The word "industry" implies that many people are making a living or something totally crazy like that, like we're factory workers who can be plugged in to a role here or there, when in theater the whole deal is that we can at least call ourselves "artists." I mean, that's why we get paid so little, right? Because that title (and the ownership of our work) is worth the lack of pay, which is more or less what one of the writers had just said. (of course, you could say there are "industry" people in theater, but they aren't the writers or directors or designers or actors. They are the agents and producers, and Broadway theater owners and stagehands, the folks who are living off of our struggles.)

This whole lack of understanding frustrates me to no end, probably because it just shows a huge disconnect between how the city views us theater artists as just another way to make money. They don't see that we're busy honing our art. argh.

Thank you for reading that. Your reward is my swatch. I think I'm on to something!Of course, I'm still not 100% sure what I'm going to do, but I have some ideas. Yes, you'll have to wait.
One really cool thing (that you can't see in these photos) is that the yarn changes very subtly from lavender to grey. I didn't know that would happen.

Tuesday, July 22

my Tour de Fleece

Well, as I thought it might happen, I finished spinning my Shetland this weekend. While this is good, it also means that I have completed the Tour de Fleece early. I'm not sure what to do next-- start spinning something else?? (Not a bad idea, really.)
Other than finishing early, I'm rather pleased with this yarn. It softened considerably when I washed it, and it's really light and fluffy. The color reminds me of a melted popsicle.

For those who don't remember, Tomo and I dyed it with Kool Aid back in early May. There are only 2 ounces, and it spun up easily and quickly. I wish there was enough of it for mittens, but I only got about 100 yards of it. Another neck warmer? There must be some other perfect thing to use this for.

In other knitting news, I'm getting antsy to cast on a new project. I have tons of large (but not large enough) skeins of wool from Denmark, and I've been eying one of them for a while. This is Gotland Merino 8/2, by Old Mill, an Estonian yarn company. It's a blend of 75% Gotland (which is a Danish sheep, I learned), and 25% Merino.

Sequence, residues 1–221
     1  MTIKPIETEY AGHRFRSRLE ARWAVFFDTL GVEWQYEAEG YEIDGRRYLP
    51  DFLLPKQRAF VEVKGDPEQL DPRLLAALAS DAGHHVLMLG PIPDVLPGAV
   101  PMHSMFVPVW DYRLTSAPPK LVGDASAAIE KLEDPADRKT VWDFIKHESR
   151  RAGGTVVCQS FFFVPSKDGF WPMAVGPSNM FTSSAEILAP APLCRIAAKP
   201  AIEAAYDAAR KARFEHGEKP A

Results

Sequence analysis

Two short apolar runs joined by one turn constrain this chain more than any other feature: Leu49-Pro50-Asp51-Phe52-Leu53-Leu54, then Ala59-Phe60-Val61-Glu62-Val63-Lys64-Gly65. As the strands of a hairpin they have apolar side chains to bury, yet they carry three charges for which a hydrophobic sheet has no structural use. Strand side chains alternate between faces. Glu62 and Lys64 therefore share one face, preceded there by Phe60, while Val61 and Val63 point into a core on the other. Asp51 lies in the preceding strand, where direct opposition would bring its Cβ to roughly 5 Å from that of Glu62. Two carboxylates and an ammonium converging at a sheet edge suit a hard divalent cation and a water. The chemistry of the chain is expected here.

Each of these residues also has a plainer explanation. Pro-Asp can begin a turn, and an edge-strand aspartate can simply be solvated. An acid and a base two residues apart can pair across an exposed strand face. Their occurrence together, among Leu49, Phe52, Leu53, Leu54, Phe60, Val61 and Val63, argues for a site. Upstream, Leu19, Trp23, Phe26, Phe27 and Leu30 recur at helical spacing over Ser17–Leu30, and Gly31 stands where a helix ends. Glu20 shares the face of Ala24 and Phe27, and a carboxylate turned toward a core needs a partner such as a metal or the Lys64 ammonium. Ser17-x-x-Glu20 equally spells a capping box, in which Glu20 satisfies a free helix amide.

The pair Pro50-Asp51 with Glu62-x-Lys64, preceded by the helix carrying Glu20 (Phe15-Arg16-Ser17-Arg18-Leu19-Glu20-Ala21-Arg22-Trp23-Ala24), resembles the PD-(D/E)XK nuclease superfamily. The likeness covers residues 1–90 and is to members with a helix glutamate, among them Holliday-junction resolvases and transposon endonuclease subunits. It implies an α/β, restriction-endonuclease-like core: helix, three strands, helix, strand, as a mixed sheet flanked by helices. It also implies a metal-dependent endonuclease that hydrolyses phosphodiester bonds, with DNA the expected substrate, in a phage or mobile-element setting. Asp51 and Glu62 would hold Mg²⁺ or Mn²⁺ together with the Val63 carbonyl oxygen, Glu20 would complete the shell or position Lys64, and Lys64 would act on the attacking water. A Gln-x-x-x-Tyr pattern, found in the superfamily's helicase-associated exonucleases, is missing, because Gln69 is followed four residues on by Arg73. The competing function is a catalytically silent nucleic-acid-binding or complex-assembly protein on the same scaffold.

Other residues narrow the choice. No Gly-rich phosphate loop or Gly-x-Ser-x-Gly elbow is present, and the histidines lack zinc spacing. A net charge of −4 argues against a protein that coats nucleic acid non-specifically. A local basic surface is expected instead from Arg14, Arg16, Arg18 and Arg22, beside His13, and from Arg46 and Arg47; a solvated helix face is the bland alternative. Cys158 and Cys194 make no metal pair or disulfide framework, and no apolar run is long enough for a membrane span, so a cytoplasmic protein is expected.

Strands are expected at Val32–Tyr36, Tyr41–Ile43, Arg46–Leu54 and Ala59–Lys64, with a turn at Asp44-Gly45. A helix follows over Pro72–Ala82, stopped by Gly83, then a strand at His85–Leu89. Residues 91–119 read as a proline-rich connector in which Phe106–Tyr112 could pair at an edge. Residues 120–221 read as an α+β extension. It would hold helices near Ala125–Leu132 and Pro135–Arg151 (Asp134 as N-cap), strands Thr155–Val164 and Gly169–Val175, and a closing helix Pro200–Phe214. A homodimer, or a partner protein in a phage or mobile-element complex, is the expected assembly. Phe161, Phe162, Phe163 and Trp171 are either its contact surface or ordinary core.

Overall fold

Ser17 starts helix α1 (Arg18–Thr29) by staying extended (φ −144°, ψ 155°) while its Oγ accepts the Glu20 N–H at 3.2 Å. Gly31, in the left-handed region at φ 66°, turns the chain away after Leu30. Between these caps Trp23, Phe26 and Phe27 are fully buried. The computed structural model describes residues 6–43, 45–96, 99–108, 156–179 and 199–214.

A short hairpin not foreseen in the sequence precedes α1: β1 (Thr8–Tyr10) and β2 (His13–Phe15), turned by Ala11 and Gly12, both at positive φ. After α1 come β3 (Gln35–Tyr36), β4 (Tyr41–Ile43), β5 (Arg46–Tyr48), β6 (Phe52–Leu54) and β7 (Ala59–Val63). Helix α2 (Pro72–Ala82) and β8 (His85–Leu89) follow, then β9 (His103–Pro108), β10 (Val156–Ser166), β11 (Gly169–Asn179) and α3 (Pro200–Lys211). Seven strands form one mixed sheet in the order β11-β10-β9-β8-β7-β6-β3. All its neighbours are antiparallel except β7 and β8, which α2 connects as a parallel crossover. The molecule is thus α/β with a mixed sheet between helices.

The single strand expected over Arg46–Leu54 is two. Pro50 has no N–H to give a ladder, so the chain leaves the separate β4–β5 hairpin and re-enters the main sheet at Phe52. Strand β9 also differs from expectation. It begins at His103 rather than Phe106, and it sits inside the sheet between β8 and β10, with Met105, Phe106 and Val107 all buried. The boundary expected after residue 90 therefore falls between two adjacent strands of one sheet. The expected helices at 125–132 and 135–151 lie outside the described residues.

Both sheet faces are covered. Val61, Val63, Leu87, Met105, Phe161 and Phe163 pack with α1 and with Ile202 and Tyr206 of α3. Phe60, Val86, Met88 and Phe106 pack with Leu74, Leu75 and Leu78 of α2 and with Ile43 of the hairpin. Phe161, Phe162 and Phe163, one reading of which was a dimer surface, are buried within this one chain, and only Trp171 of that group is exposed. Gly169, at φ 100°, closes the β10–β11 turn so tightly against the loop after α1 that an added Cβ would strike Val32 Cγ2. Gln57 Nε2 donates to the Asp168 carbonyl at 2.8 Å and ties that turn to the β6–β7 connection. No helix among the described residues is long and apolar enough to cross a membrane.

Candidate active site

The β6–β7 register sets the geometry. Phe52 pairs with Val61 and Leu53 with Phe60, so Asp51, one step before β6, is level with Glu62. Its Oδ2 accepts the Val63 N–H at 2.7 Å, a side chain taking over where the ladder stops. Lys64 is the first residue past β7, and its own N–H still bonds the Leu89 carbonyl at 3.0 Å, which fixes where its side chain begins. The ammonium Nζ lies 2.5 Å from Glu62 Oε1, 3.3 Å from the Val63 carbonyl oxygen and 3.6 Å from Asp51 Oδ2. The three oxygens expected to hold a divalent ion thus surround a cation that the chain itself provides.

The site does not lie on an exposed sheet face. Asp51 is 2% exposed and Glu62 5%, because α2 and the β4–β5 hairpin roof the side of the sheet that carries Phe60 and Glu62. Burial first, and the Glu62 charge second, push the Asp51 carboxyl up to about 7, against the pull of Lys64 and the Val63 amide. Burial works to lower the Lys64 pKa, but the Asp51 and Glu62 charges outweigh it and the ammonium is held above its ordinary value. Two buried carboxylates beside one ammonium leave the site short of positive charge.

According to the label, there are 225 grams of it. This yarn (and all of the yarn I bought there) was sold by weight, and no two skeins weighed the same. According to Ravelry, 225 grams of this yarn should give me 437 yards. In some fit of hopefulness, I decided that I had about twice that, and was brought back to reality when I balled and measured it on Sunday night at my knitting group. (The good news is that I have closer to 485 yards.)

In the meantime I'd become obsessed with making a short sleeved sweater from it, something I can wear over a long sleeved t-shirt in the fall, and I still want to make that work. I'm so set on it (plus I can't find the right pattern) that I've decided to design my own sweater. It's about time that I design something. I've been wanting to since last fall. And so yesterday, between visits to the eye doctor and the dentist, I studied Sweater Design in Plain English by Maggie Ringhetti, and swatched lace patterns from my mother's worn copy of The Craft of Lace Knitting by Barbara Walker.
I'm learning a lot from that little swatch, which i haven't yet washed. What's most interesting to me is that this yarn, which is supposedly fingering weight, already seems to be blooming. (The swatch is on #6 needles, which I thought would knit a looser fabric than it is.) I expect that when I wash this the whole nature of the swatch will change. Stay tuned for Eliza's experiments in knit wear design!

Saturday, July 19

opening night

I haven't said much here about it, but Christopher and I are producing a play that he wrote. He is a playwright, so the idea of this isn't too odd. But we've never produced before, and there have been some growing pains.

Tonight is our opening night! We're very excited (and a little anxious). Things still need to happen before tonight. We're tired. And just about everyone we know is coming to our opening night, so we've got a social day ahead of us as well.

That said, we've assembled a stellar cast and a really great production team. For all of our inexperience producing, I think we have a great product. And better than that, people are coming to see it. Reviewers. And agents. And directors. And that's why we're doing this, to give Christopher and the actors and director some exposure. (I've already learned that designers don't get much from these shows except for some photos for your portfolio, the experience of having worked with this team and a line for your resume.)If you are in New York this summer, please come and see the play! I will be there at all of the performances (though I may appear harried). There are 7 performances at rather weird times between now and August 3. Information below:


By Christopher Wall

Winner, Literary Prize, Washington Theatre Festival